Exclusive: Supreme Court Decision Expected to Help South Carolina Retailers
Thursday, June 28th, 2018
It’s called “showrooming” and Tim Robertson knows it happens at his Columbia sporting goods store.
“You’ll see them taking pictures with their phone or looking things up,” Robertson said of some customers at Todd & Moore. Showrooming refers to customers who visit a brick-and-mortar store to inspect an item with the intent of going online to purchase the item for less.
One of the reasons buying online costs less is because many e-commerce sites don’t charge sales tax. That’s going to change following a recent U.S. Supreme Court decision.
The court ruled that state and local governments can seek to collect sales tax from businesses that sell to customers in that state, even if the business doesn’t have a physical presence or employees there.
Many are calling it a win for state and local governments, who were missing out on revenue, and small businesses, who felt they were competing on an uneven playing field. There’s much work to do before the first new dollar is collected in South Carolina, and varying opinions regarding the impact on brick-and-mortar businesses.
The Palmetto State was already receiving sales tax payments from big online retailers such as Amazon.com Inc., which has operations in North Charleston, Spartanburg and West Columbia. South Carolina law currently states that if you buy something online and don’t pay sales tax at the time of purchase, you’re supposed to self-report it on your income tax return.
However, many consumers either deliberately don’t report what they owe, don’t know they’re supposed to report it, don’t keep records to calculate it, or forget whether they made an online purchase during the previous tax year. A 2017 report by the Government Accountability Office estimated South Carolina could receive between $132 million-$193 million in sales tax revenues by closing the loophole.
“Those are some pretty substantial numbers,” said Reba Campbell, deputy executive director with the Municipal Association of South Carolina, which has followed the issue for several years.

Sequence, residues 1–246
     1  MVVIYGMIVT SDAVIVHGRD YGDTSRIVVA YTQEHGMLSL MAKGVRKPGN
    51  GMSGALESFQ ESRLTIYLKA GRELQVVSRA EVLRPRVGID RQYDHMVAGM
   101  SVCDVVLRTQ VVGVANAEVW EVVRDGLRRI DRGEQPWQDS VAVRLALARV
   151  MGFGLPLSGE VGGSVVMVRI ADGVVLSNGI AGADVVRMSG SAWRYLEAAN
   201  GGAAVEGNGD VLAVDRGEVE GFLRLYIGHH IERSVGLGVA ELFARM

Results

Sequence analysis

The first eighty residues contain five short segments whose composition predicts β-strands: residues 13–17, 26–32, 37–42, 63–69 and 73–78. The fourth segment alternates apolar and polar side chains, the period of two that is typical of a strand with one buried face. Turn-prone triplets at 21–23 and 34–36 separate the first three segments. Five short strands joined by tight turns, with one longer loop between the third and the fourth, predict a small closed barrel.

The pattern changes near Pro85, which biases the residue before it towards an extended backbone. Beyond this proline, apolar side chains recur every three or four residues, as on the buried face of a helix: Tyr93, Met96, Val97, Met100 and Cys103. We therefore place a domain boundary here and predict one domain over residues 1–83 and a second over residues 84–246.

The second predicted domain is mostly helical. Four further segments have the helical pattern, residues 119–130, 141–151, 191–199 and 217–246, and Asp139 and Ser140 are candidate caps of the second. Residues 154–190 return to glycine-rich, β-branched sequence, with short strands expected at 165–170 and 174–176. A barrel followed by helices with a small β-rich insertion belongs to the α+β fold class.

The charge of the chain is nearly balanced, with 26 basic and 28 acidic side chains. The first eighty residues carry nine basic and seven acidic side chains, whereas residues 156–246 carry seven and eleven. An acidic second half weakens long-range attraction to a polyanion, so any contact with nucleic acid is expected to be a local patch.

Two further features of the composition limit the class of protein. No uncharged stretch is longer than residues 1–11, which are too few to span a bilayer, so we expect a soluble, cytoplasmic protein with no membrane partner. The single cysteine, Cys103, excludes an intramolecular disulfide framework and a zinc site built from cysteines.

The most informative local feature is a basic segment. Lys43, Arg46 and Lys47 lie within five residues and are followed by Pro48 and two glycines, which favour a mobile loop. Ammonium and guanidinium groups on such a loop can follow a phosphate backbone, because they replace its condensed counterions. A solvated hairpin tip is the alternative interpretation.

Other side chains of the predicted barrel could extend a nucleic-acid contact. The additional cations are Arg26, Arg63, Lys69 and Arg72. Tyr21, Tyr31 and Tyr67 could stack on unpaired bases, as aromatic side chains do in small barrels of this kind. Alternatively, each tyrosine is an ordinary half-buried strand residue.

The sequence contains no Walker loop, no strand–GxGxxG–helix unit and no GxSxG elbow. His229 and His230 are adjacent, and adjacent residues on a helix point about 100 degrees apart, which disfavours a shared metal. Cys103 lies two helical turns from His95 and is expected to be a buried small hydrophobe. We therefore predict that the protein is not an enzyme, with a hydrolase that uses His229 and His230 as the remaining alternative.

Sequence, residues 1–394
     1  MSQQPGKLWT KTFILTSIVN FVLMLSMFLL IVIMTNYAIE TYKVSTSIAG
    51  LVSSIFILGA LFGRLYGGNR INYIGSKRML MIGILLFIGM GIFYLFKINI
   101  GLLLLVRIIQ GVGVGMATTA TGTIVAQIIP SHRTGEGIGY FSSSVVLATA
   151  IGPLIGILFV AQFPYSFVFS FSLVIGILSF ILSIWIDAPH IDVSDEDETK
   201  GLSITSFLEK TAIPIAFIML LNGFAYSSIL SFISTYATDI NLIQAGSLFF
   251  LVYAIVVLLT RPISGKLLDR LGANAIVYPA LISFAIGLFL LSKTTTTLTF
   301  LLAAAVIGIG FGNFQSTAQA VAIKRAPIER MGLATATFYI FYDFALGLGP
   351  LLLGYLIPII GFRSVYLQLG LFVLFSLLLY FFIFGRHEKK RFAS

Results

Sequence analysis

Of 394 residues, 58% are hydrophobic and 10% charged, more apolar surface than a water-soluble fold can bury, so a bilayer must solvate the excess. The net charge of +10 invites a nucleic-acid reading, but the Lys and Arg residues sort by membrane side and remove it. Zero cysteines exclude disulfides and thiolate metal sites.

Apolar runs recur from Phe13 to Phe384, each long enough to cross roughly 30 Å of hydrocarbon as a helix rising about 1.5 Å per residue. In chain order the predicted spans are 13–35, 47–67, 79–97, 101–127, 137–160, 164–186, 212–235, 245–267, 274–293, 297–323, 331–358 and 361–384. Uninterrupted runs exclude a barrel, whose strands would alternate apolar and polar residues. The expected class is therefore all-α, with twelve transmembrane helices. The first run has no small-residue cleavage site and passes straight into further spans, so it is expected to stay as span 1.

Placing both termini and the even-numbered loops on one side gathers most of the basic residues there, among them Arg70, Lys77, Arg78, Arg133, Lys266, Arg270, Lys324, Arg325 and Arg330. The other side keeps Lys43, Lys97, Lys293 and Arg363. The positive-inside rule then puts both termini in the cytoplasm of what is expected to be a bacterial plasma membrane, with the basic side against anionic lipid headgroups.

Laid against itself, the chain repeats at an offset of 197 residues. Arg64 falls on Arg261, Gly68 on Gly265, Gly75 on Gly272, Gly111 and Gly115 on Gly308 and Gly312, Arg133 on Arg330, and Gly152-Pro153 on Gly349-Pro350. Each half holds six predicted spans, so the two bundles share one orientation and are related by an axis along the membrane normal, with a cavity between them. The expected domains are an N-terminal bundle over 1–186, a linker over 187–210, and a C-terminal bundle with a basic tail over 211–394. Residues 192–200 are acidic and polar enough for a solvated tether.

Campbell said it’s not just about the tax revenue.
“The success of small business is tied very directly to the success of our cities,” she said.
Now it will be up to state governments to determine new tax collection rules.
“We’re going to have bipartisan meetings to make sure the bill we file in January is consistent with the Supreme Court decision and to close any loopholes,” said state Sen. Marlon Kimpson, who represents portions of Charleston and Dorchester counties. “Our laws need to keep up with the shopping habits of people.”
Much has been made of longtime national retail chains such as Radio Shack and Toys “R” Us struggling in the internet age.
“Retail is not dead, but it took a couple of serious body blows,” said Bob Hughes of Hughes Development Corp. “I think we’re seeing a resurgence now.”
Hughes’ firm has created several real estate projects in Greenville where retail was a component. It is also developing BullStreet in Columbia, which expects to have a large retail presence on its 181 acres.
With consumers balancing factors such as convenience, price, selection and the overall shopping experience, Hughes said he sees advantages for both online and brick-and-mortar retail.
“It’s hard to beat the convenience of clicking on something,” Hughes said. “In our mixed-use developments, we’re about the experience.”
The Supreme Court ruling is “going to be a boost” for brick-and-mortar, Hughes said. “If sales tax is not an issue, why does so much business get done on the sales tax holiday?”
South Carolina holds an annual sales-tax-free weekend for back-to-school shopping. This year, it’s Aug. 3-5.
One question is how smaller e-retailers will handle tax collection for thousands of jurisdictions across the U.S.
“A little online startup may not have that ability,” said Dr. Frank Hefner, director of the Office of Economic Analysis at the College of Charleston.
The case before the court was South Dakota v. Wayfair. In his majority opinion, Justice Anthony Kennedy pointed out that South Dakota “…provides sellers access to sales tax administration software paid for by the state. Sellers who choose to use such software are immune from audit liability…”
Hefner said it’s hard to find data that can specifically measure the impact of the sales tax disparity, but “you can certainly sympathize with the local businesses that are competing with out-of-state retailers.”
Robertson is one of them.
“I’ll be very glad when it is corrected,” he said. “I think it will bring a lot of business back to the brick-and-mortars.”